Tuesday, August 13, 2013

Nit-picking ‘fairness’ only leaves you bitter

Nit-picking ‘fairness’ only leaves you bitter 

(My Clovis News Journal column for July 12, 2013.)

A "free rider" is someone who uses a service that someone else paid for. In a free society, where everything is financed voluntarily, a person who uses the road, firefighters, or a tornado warning siren without paying towards funding those services could be described as a free rider.

Just how important a stumbling block do you consider this to be?

When a local shopkeeper helps fund the road, he does so in order to make it easier for people to get to his store. Everyone wins.

If a local shopkeeper who refused to help fund the road gets the business of a customer who also refused to contribute toward the road, then do those who paid for the road lose? Who does the "selfish" shopkeeper trade with locally and with whom does he spend the money he got from the "selfish" customer? Does he exist in a vacuum? If you still don't like the fact that he didn't contribute, you would be free to refuse to do business with him in any way.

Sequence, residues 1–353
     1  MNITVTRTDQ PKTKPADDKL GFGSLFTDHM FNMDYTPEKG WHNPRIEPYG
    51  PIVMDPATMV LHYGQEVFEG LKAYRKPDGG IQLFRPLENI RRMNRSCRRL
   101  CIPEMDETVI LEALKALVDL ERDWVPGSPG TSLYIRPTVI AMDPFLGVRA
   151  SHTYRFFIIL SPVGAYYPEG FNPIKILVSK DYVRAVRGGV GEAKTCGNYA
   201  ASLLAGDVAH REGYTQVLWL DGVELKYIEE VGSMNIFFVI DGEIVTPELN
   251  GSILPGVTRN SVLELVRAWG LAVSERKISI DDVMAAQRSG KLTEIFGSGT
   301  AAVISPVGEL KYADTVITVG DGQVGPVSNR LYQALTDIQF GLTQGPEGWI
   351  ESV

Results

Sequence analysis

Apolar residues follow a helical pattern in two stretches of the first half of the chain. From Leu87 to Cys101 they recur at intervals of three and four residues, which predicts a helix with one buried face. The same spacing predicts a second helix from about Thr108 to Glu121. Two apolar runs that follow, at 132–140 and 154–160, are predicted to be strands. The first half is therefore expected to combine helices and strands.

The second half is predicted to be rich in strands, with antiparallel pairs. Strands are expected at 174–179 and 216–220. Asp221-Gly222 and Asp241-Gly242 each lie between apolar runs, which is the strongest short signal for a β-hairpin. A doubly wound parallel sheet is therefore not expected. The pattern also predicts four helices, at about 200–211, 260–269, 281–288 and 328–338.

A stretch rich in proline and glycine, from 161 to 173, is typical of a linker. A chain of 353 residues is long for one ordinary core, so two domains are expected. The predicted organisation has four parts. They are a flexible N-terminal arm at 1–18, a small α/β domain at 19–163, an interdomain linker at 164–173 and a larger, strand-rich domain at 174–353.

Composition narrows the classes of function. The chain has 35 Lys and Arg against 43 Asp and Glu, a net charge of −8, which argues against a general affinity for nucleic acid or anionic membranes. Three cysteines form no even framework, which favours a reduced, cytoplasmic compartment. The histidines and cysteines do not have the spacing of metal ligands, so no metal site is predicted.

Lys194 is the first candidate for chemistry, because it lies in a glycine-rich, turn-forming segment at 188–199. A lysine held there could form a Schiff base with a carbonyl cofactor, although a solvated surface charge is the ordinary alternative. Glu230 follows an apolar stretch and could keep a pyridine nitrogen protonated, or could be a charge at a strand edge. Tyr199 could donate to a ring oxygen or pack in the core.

Don't you think a road that's "worth it" would be built and maintained?

Firefighting is a similar situation. If your house is on fire your neighbor benefits when the fire department you contract with puts out the blaze. And if his house is on fire, but your fire department puts out the flames in order to save your house, he also gets a free ride. In that case he might get a bill for "services rendered", and if he doesn't pay, everyone in town will know who to refuse service to. But aren't you still getting all you paid for? Might nit-picking over whether someone else benefits unfairly just make you bitter?

Is it even possible for everyone to pay equally for every service they use? Not even under communism. However, that's only a problem if you insist on keeping a running tab to make sure everything is "fair". Scott Adams of "Dilbert" fame says fairness is just a concept invented so dumb people could participate in discussions. When I observe the world, I think he's on to something.

Why not accept that you will be someone else's "free rider" in some circumstances, and the roles will constantly change?

Besides, in a free society you'd have enough money that you would never have to live with the guilt of not paying what you feel you owe, nor would anyone force you to associate with anyone else for any reason.

Is the free rider really important enough for you to give up your liberty to foil him?

And please don't forget.


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